3. Containment and undermining. Send a heavy brigade to Jordan, a few to Saudi, a Stryker brigade and maybe an airborne brigade to Kurdistan. Use these as "firebrigades" to support the local armies if they need it. Provide covert assistance to SAR in whatever ways are possible, and try to get the less zealous Sunni Iraqis to give IS the boot in exchange for recognizing their independence from Baghdad. Provide support to them as needed.

The problem being that the second part of that may not work in Iraq.

I have probably missed something fundamental in all this but these are the options I see.

Thaumaturgist

I just think that if you pull Bandar's nuts out of the fire too soon, he won't learn anything. Same goes for the Turks and the Emirates. They all need to out some real skin in this game. They won't do that if we put American skin the the game. After all, the hazard for us is indirect and contingent.

Dave Schuler

Don't you need to identify the objectives before discussing strategy?

b

Immediate action:

1. Bomb and destroy all heavy weapons and ammunition IS seized from the Iraqi (and Syrian) army - tanks, armored trucks, artillery.

2. Disable the oil and gas field IS has seized and which are financing a big part of its budget.

3. Stop financing, training, providing for the FSA. Cooperate with Syrian intelligence to help with integrating useable parts of the FSA into the Syrian force that will take up IS on the ground.

4. Read the riot act to Erdogan to close his border and stop all IS support. If he does not follow up start openly cooperating with the YPK/PPK against IS including on Turkish ground.

5. Help Syria and Iraq with weapons and intelligence.

6. Medium term - switch from the Jihadi Sunni side to the "resistance" side. Shun Israel, arrange for anti-Wahhabi (military) coups in Saudi Arabia and Qatar.

7. Long term - leave the Middle East.

Medicine Man

I think the best approach for dealing with ISIS is a three-pronged approach -- nothing fancy:

1) Quietly reach an understanding with Syria and Iran. All efforts to undermine or destabilize either regime should stop and the US should share whatever SigInt that will be helpful in dealing with jihadis in Syrian territory (targeting data, etc.).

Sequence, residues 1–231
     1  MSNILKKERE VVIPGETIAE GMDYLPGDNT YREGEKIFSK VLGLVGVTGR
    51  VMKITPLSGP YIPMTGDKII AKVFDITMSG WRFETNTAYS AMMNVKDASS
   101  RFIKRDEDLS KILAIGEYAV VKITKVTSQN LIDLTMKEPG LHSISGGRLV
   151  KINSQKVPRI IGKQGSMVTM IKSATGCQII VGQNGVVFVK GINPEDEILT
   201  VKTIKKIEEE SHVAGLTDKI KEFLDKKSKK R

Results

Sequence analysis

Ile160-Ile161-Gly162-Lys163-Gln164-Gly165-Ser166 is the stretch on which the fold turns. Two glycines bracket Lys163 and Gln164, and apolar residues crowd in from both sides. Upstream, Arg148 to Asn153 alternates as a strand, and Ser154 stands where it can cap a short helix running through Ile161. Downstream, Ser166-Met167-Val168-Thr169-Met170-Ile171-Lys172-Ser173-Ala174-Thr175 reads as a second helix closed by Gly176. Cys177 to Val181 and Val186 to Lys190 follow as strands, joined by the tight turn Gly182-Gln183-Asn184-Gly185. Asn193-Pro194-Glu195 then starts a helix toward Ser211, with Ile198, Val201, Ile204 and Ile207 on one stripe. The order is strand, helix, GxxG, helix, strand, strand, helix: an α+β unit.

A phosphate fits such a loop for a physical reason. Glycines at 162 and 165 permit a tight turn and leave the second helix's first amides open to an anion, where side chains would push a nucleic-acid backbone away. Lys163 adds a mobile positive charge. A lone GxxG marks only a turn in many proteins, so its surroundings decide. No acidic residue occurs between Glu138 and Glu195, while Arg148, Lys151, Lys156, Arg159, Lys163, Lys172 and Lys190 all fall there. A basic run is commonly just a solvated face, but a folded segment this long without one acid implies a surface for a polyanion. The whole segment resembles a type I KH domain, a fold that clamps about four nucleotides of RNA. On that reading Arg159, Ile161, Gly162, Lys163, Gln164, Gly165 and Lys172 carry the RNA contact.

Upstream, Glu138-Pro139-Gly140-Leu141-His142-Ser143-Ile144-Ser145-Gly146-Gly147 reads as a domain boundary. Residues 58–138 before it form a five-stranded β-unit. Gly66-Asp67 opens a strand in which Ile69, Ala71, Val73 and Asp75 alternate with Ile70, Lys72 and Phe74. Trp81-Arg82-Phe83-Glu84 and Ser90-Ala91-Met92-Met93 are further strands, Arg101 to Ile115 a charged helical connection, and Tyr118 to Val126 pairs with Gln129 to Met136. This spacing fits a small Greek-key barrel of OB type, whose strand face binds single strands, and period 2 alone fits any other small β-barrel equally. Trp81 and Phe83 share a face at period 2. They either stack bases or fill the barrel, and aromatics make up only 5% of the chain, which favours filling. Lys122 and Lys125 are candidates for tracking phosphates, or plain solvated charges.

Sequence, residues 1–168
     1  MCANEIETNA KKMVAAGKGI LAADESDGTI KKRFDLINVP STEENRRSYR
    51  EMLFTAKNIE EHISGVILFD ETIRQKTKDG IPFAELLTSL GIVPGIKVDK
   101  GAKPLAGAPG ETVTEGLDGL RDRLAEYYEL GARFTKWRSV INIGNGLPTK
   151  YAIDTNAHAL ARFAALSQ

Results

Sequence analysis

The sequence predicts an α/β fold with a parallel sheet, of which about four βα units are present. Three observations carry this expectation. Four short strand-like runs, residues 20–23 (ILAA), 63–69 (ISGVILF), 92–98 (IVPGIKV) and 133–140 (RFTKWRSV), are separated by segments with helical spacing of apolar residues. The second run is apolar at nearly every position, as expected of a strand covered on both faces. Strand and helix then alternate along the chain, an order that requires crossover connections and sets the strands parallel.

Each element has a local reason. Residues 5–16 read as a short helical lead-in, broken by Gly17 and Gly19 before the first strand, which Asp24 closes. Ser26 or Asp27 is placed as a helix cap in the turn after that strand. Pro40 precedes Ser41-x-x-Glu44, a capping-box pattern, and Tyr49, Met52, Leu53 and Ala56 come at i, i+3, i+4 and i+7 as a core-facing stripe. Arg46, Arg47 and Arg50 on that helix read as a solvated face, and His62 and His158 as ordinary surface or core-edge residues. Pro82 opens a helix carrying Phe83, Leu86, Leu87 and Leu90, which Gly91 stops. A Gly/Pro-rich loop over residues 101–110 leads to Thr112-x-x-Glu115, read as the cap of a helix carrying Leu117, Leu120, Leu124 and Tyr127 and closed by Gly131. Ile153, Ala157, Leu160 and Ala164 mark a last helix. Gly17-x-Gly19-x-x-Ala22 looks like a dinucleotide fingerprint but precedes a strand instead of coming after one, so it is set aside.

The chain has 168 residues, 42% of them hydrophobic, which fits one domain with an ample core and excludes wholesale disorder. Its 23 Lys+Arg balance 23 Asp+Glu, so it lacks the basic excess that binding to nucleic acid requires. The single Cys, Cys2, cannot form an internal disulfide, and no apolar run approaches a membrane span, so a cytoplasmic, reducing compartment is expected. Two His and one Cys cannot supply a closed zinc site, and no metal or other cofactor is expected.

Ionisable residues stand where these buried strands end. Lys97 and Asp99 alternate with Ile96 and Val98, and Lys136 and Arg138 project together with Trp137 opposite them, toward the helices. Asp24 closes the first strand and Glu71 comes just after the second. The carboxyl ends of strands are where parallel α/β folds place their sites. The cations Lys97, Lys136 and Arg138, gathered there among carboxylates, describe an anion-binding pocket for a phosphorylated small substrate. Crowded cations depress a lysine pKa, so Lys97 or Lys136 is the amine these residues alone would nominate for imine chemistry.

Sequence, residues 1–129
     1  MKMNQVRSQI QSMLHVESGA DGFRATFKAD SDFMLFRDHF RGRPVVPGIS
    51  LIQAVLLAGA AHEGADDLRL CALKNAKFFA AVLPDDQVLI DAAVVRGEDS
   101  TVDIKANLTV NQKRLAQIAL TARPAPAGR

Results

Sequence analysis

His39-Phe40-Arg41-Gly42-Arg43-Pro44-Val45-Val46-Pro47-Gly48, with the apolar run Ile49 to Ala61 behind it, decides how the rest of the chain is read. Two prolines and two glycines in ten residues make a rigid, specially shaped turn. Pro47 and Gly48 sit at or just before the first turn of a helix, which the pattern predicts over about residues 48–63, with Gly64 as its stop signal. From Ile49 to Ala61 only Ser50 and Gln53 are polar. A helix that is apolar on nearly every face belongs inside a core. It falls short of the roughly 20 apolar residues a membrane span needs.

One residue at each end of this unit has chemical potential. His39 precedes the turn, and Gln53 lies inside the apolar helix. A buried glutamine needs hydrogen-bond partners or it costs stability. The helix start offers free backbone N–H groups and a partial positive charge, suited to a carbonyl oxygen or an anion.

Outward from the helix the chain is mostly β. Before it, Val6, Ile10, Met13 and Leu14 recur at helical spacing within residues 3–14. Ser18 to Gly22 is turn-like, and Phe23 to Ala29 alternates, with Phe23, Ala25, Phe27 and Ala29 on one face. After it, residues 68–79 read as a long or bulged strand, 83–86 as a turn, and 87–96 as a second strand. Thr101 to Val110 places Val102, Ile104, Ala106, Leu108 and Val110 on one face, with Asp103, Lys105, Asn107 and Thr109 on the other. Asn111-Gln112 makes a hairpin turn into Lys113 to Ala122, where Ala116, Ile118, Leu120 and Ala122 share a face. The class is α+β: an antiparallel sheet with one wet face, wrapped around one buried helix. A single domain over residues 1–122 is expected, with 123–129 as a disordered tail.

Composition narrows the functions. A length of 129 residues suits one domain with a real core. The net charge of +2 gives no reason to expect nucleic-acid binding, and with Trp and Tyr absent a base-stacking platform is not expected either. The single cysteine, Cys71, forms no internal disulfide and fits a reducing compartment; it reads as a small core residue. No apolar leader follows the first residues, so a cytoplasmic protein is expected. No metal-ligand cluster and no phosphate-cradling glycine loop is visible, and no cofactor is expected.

2) Tacitly accept that Iraq as it was in the past is gone and commit to arming the Kurds; mortars, mines, AT weapons, artillery, and ammunition for all of the above. Turn a blind eye to whatever support Iran provides to the Shia government in Iraq. Insert US Special Forces (or possibly their French/UK equivalents) into Northern Iraq to instruct the Peshmerga in the proper use/maintenance of their new heavy weapons.

3) Diplomatically pressure the government of Turkey to restrict the movement of jihadis entering the levant/fertile crescent through their territory.

Stopping the current dick-waving contest with Russia would also be helpful, if only to stop diverting resources and attention away from the middle east.

georgeg

It is really that simple! Need say no more.

different clue

Hizbullah and Hamas would be rather anti-IS/Nusra Front, I should think.

Hamas would like to create a 21st century Islamism and therefor considers IS/Nusra's 8th century Islamism a plain embarrassment and a threat of hijacking the Gaza resistance if Hamas continues to have nothing to show. Hizbullah understands the deadly threat that IS/Nusra wishes to pose to Hizabullah's constituents.

Anything which keeps Hamas and Hizbullah strong or at least standing forces IS/Nusra to at least pay ongoing attention to Hamas/Hizbullah, thereby drawing off a little time and mental energy which IS/Nusra could otherwise spend toward conquest.

Samuel Burke

Offer a Middle East reset.

I will tend to go along with the idea that our Gov't in Warshington should articulate a clear policy of non-intervention in the political affairs of sovereign nations in the Middle East. I would deploy a "force majeure" of the best most qualified Arabist diplomats into that part of the world to work with whatever governments are in place and make it their assignment to work on behalf of our strategic interests and how those countries could benefit from mutually beneficial relations with the "Great Satan". Offer to serve as mediator to help resolve conflicts and eliminate as much as possible the deaths of any more innocent citizens who more than likely just wish to live life and raise their offspring.

Trying to tilt the table in our favor has failed terribly and engendered deep resentment among the oppressed minorities in those nations. Their complicated tribal and religious based differences are none of our business to a large degree and i do not support trying to impose our "enlightened views" upon them